Here he has one layer in acrylics and one in black pastel. Next I’ll start working on making his white a more realistic off-white horse color instead of the stark hue of the primer. That will dull down and “push back” a lot of the spots and roaning I’ve put on in the first layer, but hopefully that will give a nice depth to his color. And I’ll go back in nearer the end and darken the spots and reroan as desired. Working on his little hairs makes me really eager for my upcoming strawberry roan.

This guy is looking a little scary at the moment, but that strange mane and tail was just to give me something to see instead of white as I paint his body color in.

Many people, myself included, will do a pinto by finishing a complete solid paint job and then layering the white markings over. In this case, because the horse has so much white (his other side is nearly completely white) I’m only pastelling the chestnut color into the specific places I marked out in acrylic. That way I won’t be wasting time, energy, or materials on a bunch of coloring and shading that will just be painted over.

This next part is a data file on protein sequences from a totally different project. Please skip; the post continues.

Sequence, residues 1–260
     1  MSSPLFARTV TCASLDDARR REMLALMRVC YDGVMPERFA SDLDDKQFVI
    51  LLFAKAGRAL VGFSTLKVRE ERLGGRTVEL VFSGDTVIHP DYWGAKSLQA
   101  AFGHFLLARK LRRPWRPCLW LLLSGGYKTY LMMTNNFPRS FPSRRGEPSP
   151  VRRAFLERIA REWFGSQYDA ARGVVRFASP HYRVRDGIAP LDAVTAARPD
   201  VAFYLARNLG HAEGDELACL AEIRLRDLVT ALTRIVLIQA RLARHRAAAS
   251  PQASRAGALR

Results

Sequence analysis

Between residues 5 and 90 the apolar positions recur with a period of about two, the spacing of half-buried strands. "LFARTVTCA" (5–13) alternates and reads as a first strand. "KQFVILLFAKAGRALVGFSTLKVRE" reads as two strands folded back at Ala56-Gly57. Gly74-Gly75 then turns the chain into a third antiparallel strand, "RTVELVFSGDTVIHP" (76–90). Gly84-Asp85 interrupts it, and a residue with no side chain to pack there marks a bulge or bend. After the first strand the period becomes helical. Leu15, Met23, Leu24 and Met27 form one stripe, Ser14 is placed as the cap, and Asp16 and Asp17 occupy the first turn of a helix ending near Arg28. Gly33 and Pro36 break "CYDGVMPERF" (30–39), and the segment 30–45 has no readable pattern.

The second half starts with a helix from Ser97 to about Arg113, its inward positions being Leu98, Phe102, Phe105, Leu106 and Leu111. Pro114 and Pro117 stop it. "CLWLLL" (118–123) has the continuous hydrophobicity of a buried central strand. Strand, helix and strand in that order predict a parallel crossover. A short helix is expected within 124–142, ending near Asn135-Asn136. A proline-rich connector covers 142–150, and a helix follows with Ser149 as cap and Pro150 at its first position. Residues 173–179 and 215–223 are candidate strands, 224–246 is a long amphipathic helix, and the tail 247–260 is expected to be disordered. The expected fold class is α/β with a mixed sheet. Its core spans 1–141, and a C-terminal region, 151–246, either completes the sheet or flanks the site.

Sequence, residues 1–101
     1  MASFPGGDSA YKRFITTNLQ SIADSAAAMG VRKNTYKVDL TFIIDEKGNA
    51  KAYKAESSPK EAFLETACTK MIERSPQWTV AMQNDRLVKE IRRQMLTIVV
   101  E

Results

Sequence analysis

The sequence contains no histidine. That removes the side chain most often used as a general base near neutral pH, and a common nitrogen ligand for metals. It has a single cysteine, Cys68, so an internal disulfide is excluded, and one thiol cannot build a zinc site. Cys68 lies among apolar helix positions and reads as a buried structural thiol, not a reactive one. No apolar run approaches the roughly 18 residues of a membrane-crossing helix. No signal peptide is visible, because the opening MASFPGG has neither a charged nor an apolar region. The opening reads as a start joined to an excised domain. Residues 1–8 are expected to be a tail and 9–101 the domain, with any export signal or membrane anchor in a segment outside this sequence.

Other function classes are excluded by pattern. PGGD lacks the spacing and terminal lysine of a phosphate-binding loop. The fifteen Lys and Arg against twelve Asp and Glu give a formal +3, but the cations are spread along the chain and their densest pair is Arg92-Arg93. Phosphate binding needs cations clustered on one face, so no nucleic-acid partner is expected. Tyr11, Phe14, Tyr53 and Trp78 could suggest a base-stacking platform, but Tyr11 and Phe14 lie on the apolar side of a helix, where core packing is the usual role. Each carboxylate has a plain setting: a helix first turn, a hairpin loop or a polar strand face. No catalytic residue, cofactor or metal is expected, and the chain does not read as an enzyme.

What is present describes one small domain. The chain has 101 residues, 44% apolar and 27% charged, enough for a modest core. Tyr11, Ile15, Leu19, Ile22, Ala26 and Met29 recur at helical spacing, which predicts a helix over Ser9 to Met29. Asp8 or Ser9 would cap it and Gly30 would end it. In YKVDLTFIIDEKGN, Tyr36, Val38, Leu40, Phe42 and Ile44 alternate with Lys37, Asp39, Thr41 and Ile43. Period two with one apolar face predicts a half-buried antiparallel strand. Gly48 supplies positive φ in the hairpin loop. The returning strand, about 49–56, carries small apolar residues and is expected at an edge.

I used a really light layer of a base color to mark the spots (it’s much lighter in person) so that it will barely influence the final color more than plain white. After the spots are their finished color, I’ll redo his white in a nice off white horse color and add the appropriate shading. I hope he’ll end up as cute as my reference pictures!

Random Work In Progress

This is the Safari Rocky Mountain Horse Stallion remade to a Tiger Horse mare. She was first painted with basic colors of burnt sienna (body), burnt umber (mane and tail), white (markings), tan (light hooves) and grey (dark hoof). In this picture she has also had one layer of pastelling on the front half of her body, including the black lower legs and muzzle.

Cool Colors

Just a quick post today, for various reasons…

I was tickled to find, while browsing for appaloosa reference pictures, that apparently there are appaloosa Gypsy Horses. As a draft horse fan, I am seriously drooling.

I also ran into a fun blog for model horse hobbyists, called Check Out This Horse! It’s basically a daily digest of interesting-colored horses for sale. Some of the pictures are too small for good references and it’s a little heavy on champagnes, but definitely a fun site with some cool and inspiring pictures.

Pencil work: flea bites and roaning

Inspired by my lovely new collection display and a post about flea bites on Fallen Leaves, today’s post highlights two horses that are nearly finished and who have both been detailed using colored pencils.